Toxic Long Term Care Policies: A Bane for Many. A Boon for Some.
Some years ago many insurance carriers wrote tranches of long-term care (“LTC”) life insurance policies which have proved to be toxic. These “toxic” LTC policies – primarily written between 1999-2004 – were at the heart of a scathing critique of General Electric (tkr: GE) last week which ultimately accused the company of accounting fraud. While we have been critical of GE over the past two years, the company was not the only insurer to unwittingly write bad LTC policies which suffered from rosy assumptions around long-term healthcare costs and lifespan. Spiking premiums and loss ratios, dwindling cash positions, asset sales, and corporate and personal disruption mark the fallout. The toxic LTC policies will be a bane for years to come. Many insurers, insureds and ancillary players will suffer. A few (Technology service providers that can demonstrate a hard ROI), will profit from the disruption.
We gleaned a few insights while reviewing insurers’ statutory filings, experience reports, rate increase applications and related information:
Annual premium increases are here to stay for the toxic LTC policy tranches. Insurers will continue to seek premium increases (many in the triple-digit percentages), for years to come to offset claims, loss ratios and potential reserve increases associated with the toxic LTC policies written during the late 1990’s-early 2000’s. See end of this note for examples of the toxic LTC policy tranches.
Expect insurers to increase reserves to mitigate toxic LTC policy risk. Investors should question the adequacy of reserve levels for all of the “toxic” LTC policies written during the late 1990’s-early 2000’s period. Premium increases are unknowable, finite and therefore limited in their ability to offset LTC policy risk.
Low interest rates are sub-optimal for earning an ROI on policy reserves. The artificially low interest rate environment that has become “normal” does not make it easy for insurers to generate a meaningful ROI on policy reserves. Therefore, the need exists for insurers to combine regular premium increases with reserve increases.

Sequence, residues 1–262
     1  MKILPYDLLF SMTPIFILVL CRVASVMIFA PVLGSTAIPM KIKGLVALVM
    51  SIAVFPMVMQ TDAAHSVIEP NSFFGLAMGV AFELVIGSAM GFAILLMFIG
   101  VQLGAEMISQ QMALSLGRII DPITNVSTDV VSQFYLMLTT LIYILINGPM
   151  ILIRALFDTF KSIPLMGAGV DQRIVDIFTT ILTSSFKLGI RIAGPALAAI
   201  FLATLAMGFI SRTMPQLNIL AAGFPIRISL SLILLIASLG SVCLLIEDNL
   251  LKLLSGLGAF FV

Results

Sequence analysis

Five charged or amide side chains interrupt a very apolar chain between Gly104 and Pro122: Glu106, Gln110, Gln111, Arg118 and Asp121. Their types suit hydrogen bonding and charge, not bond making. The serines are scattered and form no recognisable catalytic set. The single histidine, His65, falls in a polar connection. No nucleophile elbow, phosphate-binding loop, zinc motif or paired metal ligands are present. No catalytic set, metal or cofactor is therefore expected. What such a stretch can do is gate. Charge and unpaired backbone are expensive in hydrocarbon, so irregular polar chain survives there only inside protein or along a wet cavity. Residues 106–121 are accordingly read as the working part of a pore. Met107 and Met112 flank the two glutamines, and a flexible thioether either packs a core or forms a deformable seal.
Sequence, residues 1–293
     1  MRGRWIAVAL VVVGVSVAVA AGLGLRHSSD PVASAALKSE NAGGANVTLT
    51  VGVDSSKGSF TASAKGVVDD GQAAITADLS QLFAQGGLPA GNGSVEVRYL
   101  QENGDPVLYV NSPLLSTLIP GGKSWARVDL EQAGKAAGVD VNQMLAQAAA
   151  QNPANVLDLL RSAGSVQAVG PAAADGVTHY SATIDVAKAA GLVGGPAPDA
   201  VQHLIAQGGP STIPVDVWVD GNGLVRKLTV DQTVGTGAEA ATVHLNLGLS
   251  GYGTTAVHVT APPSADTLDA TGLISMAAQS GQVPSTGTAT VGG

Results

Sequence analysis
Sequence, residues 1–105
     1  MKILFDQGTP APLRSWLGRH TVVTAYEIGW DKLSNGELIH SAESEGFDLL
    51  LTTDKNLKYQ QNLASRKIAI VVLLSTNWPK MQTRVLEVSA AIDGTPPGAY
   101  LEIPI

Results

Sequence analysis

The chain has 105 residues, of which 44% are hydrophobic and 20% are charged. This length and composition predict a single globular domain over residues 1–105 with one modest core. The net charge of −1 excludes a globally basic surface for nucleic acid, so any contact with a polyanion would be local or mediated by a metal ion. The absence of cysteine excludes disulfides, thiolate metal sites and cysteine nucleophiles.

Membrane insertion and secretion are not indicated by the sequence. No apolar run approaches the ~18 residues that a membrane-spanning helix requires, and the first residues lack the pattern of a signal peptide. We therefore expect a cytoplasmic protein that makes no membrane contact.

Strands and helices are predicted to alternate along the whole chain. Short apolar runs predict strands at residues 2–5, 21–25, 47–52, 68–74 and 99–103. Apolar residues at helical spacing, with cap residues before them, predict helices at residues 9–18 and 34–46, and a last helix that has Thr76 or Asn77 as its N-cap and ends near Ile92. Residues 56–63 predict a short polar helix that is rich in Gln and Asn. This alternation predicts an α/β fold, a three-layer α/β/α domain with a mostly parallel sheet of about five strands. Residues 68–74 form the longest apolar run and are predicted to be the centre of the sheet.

Statutory reporting and state filings would benefit from additional clarity. We encountered examples where insurers conflated “policies in force” figures with “lives in force” in statutory filings. We recommend that insurers emphasize the reporting of unit-level metrics such as “lives in force” or “insureds in force” which provide insight beyond “policy in force” counts. This would be useful in cases where a single policy is associated with multiple insureds (spouses for example). Further, all insurers ought to follow standardized reporting for these metrics. The current reporting dynamic feels a bit like deconstructing the elements of ABC Software’s “Adjusted EBITDA” calculation so that it may be compared to XYZ Software’s “Adjusted EBITDA” figure in a like-for-like manner.
Fallout from the toxic LTC policies will negatively impact most technology providers that sell to insurers who wrote these policies. However, there are a few potential bright spots. Technology providers that offer Outsourced Services and/or Tech-Enabled Services that can demonstrate an immediate, hard ROI are likely to gain traction during this disruptive period. Insurers will work to de-risk (i.e. trim balance sheets, reduce FTEs, improve operating efficiency) and those that can facilitate the de-risking stand to gain. Accenture (tkr: ACN), Cognizant (tkr: CTSH), IBM Global Services (tkr: IBM), Solera (private), SS&C Technologies (tkr: SSNC) and Verisk (tkr: VRSK) are among the well-positioned. See our earlier article “We Expect Outsourcing Providers to Gain Traction with Insurance Carriers”.